Directed by Alan Taylor.
Starring Chris Hemsworth, Natalie Portman, Tom Hiddleston, Kat Dennings, Stellan Skarsgard, Christopher Eccleston, Jamie Alexander, Ray Stevenson, Adewale Akinnouye-Agbaje with Rene Russo and Anthony Hopkins.
PG-13, 112 minutes.
I find it difficult to do something similar with this write-up to what I did with Iron Man 3. I have written about this movie in the past, but there’s not as much to latch onto here for a second go-around as there was in Iron Man 3. Simply put, Thor: The Dark World isn’t very interesting. In fact, I find it astounding how little of this movie I remembered when I put it on to watch for a second time. Sure, there are clever set pieces here and there, but it gives off the notion that there might not be more to its hero than learning humility (in the first Thor) or fighting alongside Earth’s mightiest heroes.
After the ambitious, yet unfortunately underwhelming, character journey undertaken by Tony Stark, it shouldn’t have been out of the cards to do something similar with the God of Thunder for his own post-Avengers sequel. That’s not what we got. Instead, Thor: The Dark World is a briskly plotted yet inconsequential affair, one that’s not trying to do anything too much beyond giving us another intergalactic adventure to kill time for the next Avengers film. This is fine, really, it’s just nothing special.
The film has Thor (Chris Hemsworth) just finishing up the fight to restore peace in the nine realms. When Jane Foster (Natalie Portman) discovers physical manifestations on an impending astrological event known as The Convergence and is infected with a red beam of light, Thor takes her to Asgard to get to the bottom of things. Trouble ensues, as the red light calls forth the evil Dark Elves to Asgard. When the fight proves to be too much for Thor to handle, he calls upon the least likely person to help, the imprisoned Loki (Tom Hiddleston).
Even by fantasy standards, the plot is pure gibberish. This much can be assured by the fact that they feel the need to explain what this so-called Convergence is every half-hour and it doesn’t make much sense each time they do it. This Convergence, apparently, brings all the planets in alignment and gravity shifts become pronounced as a result. I can’t fault them for having this be a feature, as it leads to a pretty fun action sequence at the end, surprising considering Marvel’s tendency to deliver underwhelming finales. Having said that, it’s a pretty flimsy excuse to pin an entire movie around, and it all amounts to setting up a device for a future movie.
We get more Asgard in this movie, and, thankfully, it looks less sterile. More like a place where people live rather than a golden-tinged, computer generated landscape. Despite this, the large portions of the film when we’re in Asgard aren’t very interesting at all. We only go there during plot detours or to set up a means to get Thor and Loki back together, and the movie doesn’t really pick up until after they escape from it. But, perhaps that has more to do with Loki getting in on the action, easily the most interesting character played by an actor who clearly has fun coming back for more.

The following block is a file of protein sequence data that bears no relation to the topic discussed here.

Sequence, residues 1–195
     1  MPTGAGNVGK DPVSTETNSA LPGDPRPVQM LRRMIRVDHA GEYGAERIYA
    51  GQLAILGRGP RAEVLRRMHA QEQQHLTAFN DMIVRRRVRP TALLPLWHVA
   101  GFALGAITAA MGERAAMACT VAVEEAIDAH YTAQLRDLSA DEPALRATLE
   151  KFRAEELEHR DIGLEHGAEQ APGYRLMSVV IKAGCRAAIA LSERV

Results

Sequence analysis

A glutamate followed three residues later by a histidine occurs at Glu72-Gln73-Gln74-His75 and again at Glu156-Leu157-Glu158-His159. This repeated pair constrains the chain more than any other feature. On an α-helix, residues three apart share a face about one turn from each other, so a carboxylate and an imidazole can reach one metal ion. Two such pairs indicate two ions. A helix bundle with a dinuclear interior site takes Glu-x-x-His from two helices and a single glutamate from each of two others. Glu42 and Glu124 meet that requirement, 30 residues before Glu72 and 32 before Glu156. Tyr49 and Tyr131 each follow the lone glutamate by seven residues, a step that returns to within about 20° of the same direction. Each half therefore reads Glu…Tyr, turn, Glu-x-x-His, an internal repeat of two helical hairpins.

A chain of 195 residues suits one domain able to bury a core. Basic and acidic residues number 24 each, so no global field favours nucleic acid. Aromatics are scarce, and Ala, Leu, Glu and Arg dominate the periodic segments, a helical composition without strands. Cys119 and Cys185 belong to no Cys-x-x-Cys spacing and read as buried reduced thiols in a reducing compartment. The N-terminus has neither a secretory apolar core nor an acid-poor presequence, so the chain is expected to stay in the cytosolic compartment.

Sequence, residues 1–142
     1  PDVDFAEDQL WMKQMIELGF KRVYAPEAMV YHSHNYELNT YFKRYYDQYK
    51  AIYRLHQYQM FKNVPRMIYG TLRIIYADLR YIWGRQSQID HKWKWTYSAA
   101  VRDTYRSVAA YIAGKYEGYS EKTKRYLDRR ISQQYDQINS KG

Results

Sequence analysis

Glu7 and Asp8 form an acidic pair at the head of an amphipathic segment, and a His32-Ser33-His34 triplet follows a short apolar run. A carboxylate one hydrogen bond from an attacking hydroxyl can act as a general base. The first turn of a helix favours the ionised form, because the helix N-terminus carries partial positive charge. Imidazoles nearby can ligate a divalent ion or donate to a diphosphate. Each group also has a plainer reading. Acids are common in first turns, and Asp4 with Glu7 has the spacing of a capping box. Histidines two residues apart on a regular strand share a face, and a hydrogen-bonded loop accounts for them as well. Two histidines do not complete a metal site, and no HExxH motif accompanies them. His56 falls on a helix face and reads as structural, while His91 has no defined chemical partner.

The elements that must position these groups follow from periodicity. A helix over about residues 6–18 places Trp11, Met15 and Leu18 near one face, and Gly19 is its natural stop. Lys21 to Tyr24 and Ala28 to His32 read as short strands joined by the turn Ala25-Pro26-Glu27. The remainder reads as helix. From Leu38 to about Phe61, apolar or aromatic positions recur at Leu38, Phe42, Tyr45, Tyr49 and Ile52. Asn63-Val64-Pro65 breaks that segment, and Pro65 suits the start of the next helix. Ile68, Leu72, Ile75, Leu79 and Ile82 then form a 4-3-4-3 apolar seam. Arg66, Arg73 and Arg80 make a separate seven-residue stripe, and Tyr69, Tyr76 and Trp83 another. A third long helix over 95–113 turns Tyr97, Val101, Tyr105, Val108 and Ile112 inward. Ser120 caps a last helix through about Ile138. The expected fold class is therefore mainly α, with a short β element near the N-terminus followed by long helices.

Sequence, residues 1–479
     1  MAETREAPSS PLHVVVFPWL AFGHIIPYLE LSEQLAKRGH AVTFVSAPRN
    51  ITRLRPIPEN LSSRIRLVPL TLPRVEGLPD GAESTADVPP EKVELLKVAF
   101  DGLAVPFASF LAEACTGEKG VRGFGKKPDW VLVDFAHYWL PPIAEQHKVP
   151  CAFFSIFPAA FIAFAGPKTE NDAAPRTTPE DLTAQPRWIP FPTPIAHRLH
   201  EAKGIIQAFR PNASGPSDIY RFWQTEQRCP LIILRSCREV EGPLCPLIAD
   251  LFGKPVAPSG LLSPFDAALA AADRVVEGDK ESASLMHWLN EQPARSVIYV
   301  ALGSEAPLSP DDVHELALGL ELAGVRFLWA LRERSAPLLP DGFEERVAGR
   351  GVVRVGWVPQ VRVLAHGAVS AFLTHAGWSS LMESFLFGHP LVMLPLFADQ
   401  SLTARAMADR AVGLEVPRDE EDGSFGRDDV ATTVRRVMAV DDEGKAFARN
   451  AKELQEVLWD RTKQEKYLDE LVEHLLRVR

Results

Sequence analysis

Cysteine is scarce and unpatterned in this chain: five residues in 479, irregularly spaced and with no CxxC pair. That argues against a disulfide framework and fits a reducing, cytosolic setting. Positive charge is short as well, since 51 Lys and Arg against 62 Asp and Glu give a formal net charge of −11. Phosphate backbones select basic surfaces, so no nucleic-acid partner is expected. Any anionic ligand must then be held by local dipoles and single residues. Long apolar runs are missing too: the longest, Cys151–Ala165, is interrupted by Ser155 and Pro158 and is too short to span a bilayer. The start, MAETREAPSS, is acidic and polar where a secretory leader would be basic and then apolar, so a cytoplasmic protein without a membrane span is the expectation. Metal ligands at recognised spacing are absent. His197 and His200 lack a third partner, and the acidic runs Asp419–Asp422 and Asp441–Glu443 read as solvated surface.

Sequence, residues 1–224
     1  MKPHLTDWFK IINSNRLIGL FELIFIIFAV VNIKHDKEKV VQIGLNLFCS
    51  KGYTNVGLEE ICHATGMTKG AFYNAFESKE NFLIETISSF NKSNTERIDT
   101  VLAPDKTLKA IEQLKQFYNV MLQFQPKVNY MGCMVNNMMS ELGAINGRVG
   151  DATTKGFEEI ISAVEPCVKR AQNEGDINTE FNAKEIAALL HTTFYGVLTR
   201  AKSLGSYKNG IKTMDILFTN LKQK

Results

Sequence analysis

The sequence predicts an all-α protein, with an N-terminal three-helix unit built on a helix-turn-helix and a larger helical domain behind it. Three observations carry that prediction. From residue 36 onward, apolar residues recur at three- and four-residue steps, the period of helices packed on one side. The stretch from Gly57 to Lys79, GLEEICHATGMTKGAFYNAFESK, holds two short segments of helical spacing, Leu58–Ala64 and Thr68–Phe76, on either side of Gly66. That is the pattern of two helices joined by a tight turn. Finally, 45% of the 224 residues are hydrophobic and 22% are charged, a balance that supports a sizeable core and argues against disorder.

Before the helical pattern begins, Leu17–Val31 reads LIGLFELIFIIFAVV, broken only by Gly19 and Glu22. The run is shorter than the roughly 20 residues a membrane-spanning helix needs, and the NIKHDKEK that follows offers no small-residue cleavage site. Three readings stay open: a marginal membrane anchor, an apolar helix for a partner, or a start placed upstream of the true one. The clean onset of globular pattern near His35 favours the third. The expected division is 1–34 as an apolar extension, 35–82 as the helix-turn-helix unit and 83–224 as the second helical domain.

Speaking of interesting characters, our villain in this film is not one. Malekith (Christopher Eccleston) has the most broad-strokes scheme there is, to destroy the world. Sorry, plunge it back into darkness, or whatever. That’s what he’s about and that’s what he’s here to do, nothing more.
Taking a cue from some of the other movies in this series, where having a sense of humor is a necessity to punch up the proceedings, The Dark World overloads itself with wacky antics to the point where what’s meant to be serious becomes even more ridiculous. How are we supposed to adequately feel the emotion behind some of the death scenes that occur (real or supposed) when it’s alongside scenes like Stellan Skarsgard running around Stonehenge naked as a wild and crazy old scientist? It never strikes the right balance to work as the piece of pop-entertainment it wants to be.
There is a certain arena, actually, in which I’ll give this film a lot of props, and it’s with the runtime. While above I’m showing the full runtime plus credits, the film proper ends just north of the one-hundred minute mark, hitting the perfect length for a piece of fluff like this. It may not be entirely memorable, but at least it doesn’t waste our time, either.
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